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Organizers tout economic upside in World’s Fair bid

Karlee Weinmann//April 15, 2015

Organizers tout economic upside in World’s Fair bid

Karlee Weinmann//April 15, 2015

Lois Quam
Lois Quam
Harry Melander
Harry Melander

The committee hoping to bring the World’s Fair to Minnesota in 2023 officially announced its bid on Friday, touting the event as a long-term economic boon for the state.

By hosting the massive three-month event, expected to draw between 10 million and 15 million visitors in summer 2023, organizers said Minnesota would land in the global spotlight. But the impact would be bigger than the influx of tourism dollars, the business and local leaders said.

The Expo 2023 effort would put more momentum behind the state’s push to bill itself as a destination, organizers said, particularly to attract sought-after young professionals — a population seen as a huge value-add.

“We all know Minnesota has been gaining national and international recognition on a number of fronts,” said Marilyn Carlson Nelson, co-chair of the Expo 2023 advisory committee and former chair and CEO of the Carlson Cos. “This is going to be a nice complement for that.”

The expo, which would push a theme of health and wellness, would provide a platform for Minnesota companies to reach a broader audience, potentially inviting new trading partners and investors from beyond the state’s borders.

“I see trade and investment opportunities here having a very long tail,” said co-chair Lois Quam, singling out especially high potential for Minnesota companies that are already market leaders in the health, clean water and other industries. Quam, a former executive with Minnetonka-based UnitedHealth Group, is now chief operating officer of the Nature Conservancy.

Still, big logistics questions loom as the $1.5 million bid process kicks into high gear.

The committee needs to find a site big enough to accommodate 62-acre plans for the fair that gives attendees relatively easy access to the Minneapolis-St. Paul International Airport and other attractions, including sites in greater Minnesota.

The North American High Speed Rail Group is a founding supporter of the effort, and the fair bid puts momentum on what would be a landmark infrastructure project to help streamline trips to Rochester, Duluth and other corners of the state, said Expo 2023 advisory committee chair Mark Ritchie, who previously served as Minnesota secretary of state.

Site selection is expected to last into next year. So far, Ritchie said the committee has zeroed in on “quite a few opportunities” and will likely plant the event in the Twin Cities metro area.

Speaking at an event last year, Ritchie named Rosemount’s 5,000-acre UMore Park development site, the 125-acre former Ford Motor Co. facility in St. Paul and the 427-acre former Twin Cities Army Ammunition Plant in Arden hills as potential candidates.

“We are blessed here in the Twin Cities with lots of good possibilities,” Ritchie said on Friday, noting pushes from officials in Shakopee as well as Rochester, suggesting at least one outstate option.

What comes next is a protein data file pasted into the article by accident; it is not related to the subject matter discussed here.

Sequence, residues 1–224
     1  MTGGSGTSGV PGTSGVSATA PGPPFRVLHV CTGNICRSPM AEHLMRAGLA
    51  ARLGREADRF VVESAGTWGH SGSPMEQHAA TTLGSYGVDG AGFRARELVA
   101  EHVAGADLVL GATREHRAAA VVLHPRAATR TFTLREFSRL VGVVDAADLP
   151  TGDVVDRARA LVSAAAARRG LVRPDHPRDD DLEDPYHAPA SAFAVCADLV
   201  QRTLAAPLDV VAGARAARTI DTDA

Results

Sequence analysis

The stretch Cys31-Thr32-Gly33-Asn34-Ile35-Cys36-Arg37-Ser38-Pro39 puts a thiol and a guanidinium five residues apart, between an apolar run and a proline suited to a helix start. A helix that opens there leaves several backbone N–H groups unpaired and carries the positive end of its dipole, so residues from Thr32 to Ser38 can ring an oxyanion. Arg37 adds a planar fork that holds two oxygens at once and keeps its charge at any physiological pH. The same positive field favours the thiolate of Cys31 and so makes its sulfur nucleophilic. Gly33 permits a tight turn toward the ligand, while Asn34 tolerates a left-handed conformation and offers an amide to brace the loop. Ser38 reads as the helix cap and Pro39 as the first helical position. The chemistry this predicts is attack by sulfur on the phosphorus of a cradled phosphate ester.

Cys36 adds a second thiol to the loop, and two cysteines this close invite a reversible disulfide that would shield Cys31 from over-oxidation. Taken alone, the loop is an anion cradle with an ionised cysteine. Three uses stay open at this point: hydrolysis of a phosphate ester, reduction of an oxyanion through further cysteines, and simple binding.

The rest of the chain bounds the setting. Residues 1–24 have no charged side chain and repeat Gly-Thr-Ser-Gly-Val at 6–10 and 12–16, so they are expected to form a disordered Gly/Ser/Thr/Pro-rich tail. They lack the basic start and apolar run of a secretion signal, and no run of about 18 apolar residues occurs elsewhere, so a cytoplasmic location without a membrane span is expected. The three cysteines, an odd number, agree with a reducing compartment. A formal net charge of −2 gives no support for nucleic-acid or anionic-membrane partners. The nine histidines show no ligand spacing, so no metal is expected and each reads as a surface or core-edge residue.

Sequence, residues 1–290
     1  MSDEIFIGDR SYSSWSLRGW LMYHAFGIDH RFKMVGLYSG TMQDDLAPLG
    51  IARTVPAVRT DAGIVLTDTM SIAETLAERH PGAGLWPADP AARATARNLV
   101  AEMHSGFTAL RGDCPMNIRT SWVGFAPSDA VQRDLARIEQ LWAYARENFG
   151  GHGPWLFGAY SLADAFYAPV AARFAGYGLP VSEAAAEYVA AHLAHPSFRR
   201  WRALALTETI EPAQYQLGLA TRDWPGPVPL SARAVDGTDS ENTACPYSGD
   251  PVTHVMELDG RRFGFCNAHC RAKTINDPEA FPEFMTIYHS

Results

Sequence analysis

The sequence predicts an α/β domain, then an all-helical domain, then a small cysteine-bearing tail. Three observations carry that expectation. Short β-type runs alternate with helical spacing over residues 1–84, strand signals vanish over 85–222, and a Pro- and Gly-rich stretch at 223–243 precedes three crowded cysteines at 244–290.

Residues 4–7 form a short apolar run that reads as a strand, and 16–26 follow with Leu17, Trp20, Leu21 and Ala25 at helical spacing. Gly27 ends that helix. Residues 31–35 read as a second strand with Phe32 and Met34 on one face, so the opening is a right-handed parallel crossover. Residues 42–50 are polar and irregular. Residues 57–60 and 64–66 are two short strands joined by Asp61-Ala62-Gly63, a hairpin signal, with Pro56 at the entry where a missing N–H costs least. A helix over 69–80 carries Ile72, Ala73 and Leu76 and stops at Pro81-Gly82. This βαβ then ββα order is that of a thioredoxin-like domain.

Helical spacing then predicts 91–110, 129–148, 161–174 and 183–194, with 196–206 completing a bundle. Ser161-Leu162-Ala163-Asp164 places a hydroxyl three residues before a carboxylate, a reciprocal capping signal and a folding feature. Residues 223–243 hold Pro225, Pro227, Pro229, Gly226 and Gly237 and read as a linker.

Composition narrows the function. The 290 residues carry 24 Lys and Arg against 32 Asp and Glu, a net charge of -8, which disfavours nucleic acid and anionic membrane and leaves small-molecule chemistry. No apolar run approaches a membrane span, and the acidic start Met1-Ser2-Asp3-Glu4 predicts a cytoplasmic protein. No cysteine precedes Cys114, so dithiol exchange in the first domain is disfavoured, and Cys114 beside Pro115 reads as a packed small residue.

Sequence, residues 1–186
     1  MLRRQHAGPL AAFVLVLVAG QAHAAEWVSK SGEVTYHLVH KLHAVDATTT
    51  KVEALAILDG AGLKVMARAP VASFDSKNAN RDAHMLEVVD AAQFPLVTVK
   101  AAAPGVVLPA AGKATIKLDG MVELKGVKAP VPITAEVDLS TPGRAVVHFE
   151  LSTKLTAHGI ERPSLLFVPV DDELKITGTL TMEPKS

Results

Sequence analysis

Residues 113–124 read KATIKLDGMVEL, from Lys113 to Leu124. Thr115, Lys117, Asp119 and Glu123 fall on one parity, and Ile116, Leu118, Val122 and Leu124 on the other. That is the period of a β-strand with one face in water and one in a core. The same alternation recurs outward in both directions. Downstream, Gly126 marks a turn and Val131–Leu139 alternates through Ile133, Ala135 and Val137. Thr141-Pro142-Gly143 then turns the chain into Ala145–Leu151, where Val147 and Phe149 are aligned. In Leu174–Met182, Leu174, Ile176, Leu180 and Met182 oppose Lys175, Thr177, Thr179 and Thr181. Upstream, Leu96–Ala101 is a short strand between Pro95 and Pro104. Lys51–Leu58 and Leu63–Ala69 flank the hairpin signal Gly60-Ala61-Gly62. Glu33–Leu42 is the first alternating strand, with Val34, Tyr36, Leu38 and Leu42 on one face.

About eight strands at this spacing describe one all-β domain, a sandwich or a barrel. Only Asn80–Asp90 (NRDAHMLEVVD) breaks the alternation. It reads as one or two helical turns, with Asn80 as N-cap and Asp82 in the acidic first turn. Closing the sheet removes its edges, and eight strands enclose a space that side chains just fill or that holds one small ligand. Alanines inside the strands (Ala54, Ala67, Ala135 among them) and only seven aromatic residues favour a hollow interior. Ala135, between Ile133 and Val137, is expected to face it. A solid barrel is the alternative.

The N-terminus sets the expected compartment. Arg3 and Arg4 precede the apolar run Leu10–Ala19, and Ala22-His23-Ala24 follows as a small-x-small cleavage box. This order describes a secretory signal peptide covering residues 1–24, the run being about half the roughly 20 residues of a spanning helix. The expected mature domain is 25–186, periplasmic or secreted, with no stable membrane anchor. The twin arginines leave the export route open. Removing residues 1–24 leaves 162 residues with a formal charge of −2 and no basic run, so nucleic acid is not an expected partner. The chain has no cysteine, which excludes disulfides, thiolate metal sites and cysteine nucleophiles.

When organizers settle on a location, a private developer will build accommodations for visitors and presenters, a mix of countries and local outfits. That developer will hang onto the site for 100 years, Ritchie said.

The Minnesota Building and Construction Trades Council, an early supporter of the project, affirmed its involvement on Friday.

“We were here early and we’re going to stay for the long haul,” said Harry Melander, the council’s president and a Metropolitan Council member.

Ritchie said it was too early to forecast how big a boost the fair would give to Minnesota’s construction industry and other sectors but said the lead-up to past world’s fairs has propped up local jobs numbers in a big way.

Despite the prospect of front-loaded gains, though, past expos have sometimes proved a financial drain on their hosts. In 1984, the last time a fair took place in the United States, the Louisiana World Exposition declared bankruptcy before the event was over.

While Ritchie said Expo 2023 isn’t trying to turn a major profit, business analysis from the University of Minnesota’s Carlson School of Management predicts modest gains based on a $20-per-person entry fee and expected daily attendance on par with the State Fair’s figures.

Organizers aren’t expecting public funding for the project. So far, Ritchie said they’ve crowd-funded about two-thirds of the bid’s $1.5 million price tag and will look for new contributors of all sizes — mainly businesses with Minnesota ties – to bridge the gap.

Even though private funding will propel the bid, public officials will play a pivotal role.

“We’re not expecting public money but we need excellent cooperation from local governments,” Ritchie said.

Organizers expect to fine-tune the bid before the end of the year. The U.S. State Department will then pitch it to the selection committee in June 2016, with a decision expected in November of next year.

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